when I asked a year ago, the MSDN publishing teams said they plan to keep
supporting both GUID-based and asset ID-based URL forms.
our authoring system, once a topic is created it retains the same GUID across
releases. This is independent of where in any TOC the topic is surfaced. So all
SQL Server 2005 topics that still exist in SQL Server 2008 have the same GUID in
both environments. We started this policy when we forked the SQL Server 2008 BOL
source from the SQL Server 2005 BOL, so does not apply back to the SQL Server
2000 BOL. We plan to carry it forward to future releases.
MSDN/TechNet support many different formats of URLs, including
URLs with version identifiers. These URLs take you to the SQL 2005 and SQL 2008
versions of a topic shared between the two BOLs, even though the topic is at
different locations in the two different TOC's:
include the (SQL.90) or (SQL.100) version identifier in the URL you are taken to
the specific version's copy of the topic. If you do not include the version
identifier, you are taken to the copy of the topic in whatever is considered the
most current shipping version of the product. Today that is SQL Server 2005. As
part of the SQL Server 2008 RTM process (and I mean the real RTM, not the
"launch"), MSDN/TechNet will flip a switch so the SQL 2008 BOL becomes the one
you get with URLs that don't have a version
If you want to document your database you've got to see
Gert Drapers on Channel9. Data Dude is answering so many of those
questions/challenges I've been trying to solve for database builds over the past
decade. I am so pleased to see the database references in the service release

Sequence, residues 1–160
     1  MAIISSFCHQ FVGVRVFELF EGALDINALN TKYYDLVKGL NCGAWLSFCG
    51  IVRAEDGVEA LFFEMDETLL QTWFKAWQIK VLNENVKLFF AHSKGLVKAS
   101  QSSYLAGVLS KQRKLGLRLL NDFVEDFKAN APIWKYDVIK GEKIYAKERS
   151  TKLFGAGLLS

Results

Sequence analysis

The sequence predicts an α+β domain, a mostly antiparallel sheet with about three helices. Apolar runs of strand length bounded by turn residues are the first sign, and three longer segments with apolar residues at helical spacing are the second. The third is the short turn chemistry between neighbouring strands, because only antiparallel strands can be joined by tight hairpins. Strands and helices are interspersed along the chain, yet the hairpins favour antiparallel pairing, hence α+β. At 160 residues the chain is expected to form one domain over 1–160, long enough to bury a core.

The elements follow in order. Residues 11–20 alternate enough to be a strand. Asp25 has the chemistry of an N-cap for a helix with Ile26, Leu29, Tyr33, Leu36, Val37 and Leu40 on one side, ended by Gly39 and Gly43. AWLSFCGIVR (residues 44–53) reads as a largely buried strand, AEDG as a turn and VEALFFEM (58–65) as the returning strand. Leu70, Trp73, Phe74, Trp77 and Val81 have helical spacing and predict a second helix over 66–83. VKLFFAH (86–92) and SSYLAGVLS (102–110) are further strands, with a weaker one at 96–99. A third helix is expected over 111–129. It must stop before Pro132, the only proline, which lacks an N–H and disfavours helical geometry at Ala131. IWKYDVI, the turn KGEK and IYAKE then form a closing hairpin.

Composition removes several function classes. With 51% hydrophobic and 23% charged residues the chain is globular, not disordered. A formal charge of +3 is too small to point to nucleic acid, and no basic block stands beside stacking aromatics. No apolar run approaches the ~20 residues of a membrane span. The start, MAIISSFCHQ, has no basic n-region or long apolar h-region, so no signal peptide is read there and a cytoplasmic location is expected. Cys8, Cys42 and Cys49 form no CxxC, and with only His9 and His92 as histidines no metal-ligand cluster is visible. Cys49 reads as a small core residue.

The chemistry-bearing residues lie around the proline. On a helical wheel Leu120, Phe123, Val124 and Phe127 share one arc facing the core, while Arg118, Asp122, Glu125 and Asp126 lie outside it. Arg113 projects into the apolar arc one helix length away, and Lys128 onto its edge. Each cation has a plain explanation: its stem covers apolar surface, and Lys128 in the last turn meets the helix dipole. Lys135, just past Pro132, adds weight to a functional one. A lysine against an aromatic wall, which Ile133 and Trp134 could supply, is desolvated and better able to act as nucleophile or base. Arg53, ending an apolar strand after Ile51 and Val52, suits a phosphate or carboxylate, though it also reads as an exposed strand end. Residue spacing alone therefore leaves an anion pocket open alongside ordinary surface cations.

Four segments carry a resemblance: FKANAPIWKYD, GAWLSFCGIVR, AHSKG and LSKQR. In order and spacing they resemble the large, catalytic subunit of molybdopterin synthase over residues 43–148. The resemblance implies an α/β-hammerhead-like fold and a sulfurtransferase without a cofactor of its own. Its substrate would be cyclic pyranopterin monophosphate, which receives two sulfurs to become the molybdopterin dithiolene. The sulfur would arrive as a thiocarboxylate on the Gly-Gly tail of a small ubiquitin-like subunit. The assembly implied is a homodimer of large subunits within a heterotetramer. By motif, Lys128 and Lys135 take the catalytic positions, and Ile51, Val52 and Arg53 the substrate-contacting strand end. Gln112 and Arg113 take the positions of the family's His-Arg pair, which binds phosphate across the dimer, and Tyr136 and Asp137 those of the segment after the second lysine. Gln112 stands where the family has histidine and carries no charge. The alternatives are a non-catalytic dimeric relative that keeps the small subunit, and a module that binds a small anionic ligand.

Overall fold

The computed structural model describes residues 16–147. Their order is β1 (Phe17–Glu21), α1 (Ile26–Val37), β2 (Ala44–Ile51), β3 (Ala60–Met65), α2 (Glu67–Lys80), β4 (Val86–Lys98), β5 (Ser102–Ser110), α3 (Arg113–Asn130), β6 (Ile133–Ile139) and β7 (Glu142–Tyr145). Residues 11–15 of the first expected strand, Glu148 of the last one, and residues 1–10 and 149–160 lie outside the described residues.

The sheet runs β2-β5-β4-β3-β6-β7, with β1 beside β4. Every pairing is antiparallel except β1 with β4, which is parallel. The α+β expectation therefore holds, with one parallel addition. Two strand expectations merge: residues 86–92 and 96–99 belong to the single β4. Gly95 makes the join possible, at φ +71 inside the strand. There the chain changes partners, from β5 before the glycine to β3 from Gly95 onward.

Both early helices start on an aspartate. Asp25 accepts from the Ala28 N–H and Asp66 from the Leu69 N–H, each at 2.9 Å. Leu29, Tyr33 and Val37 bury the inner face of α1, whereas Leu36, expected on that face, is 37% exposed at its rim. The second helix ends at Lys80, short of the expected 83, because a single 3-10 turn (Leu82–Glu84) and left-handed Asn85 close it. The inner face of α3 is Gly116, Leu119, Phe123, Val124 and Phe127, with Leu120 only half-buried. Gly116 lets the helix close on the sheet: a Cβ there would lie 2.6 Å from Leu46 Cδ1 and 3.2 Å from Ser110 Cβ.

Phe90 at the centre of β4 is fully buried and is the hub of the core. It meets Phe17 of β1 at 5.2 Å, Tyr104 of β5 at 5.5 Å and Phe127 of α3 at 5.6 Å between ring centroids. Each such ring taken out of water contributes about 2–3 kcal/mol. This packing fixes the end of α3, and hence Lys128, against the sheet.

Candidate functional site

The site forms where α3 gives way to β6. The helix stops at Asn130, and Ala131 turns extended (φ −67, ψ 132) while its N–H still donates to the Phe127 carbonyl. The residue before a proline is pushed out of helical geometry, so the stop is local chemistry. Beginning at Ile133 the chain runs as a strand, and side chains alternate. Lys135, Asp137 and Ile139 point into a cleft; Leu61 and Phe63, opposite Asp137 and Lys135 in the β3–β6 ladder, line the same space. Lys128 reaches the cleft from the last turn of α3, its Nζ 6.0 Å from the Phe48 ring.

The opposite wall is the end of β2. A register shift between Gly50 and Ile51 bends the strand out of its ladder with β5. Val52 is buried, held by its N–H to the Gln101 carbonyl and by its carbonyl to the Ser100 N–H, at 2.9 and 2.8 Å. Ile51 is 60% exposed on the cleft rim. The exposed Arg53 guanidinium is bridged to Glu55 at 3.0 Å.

and the dependecy tool just rocks.
I really need to get more into data dude.
Thansk to a few that pointed this out
Read about the service release http://blogs.msdn.com/gertd/archive/2007/07/23/service-release-1-is-here.aspx
Download gerts channel 9 vid http://download.microsoft.com/download/8/c/1/8c18d316-d95e-4068-a333-37972897b282/GertD_DBPro_SR_PowerTools_Interviewcast.wmv or
watch it on channel 9 http://channel9.msdn.com/showpost.aspx?postid=334261
There have been continuing reports by most people I
speak to about theire procedure cache becoming huge. Especially on 64 bit
systems with lots of memory. Memory that you want for your data.
The issue is due to the storinging of compiled adhoc plans. They just aren't
getting aged out of the cache.
We are lobbying for there to be a way of limitiing the size of the procedure
cache. If I have 8Gb of memory I don't want 2 Gb to be used by the procedure
cache. If you agree please vote on it here
So you don't think it applies to you. I bet you will be suprised, run
select name, SUM(single_pages_kb
group by name
order by 2 desc
and see how many MB is used by SQLPlans
Generate the scripts for a database and see what the difference is, I am sure
you will be suprised.
You will also find that many of Microsoft tools that don't provide
parameterised queries also cause the problem
Vote now your database needs you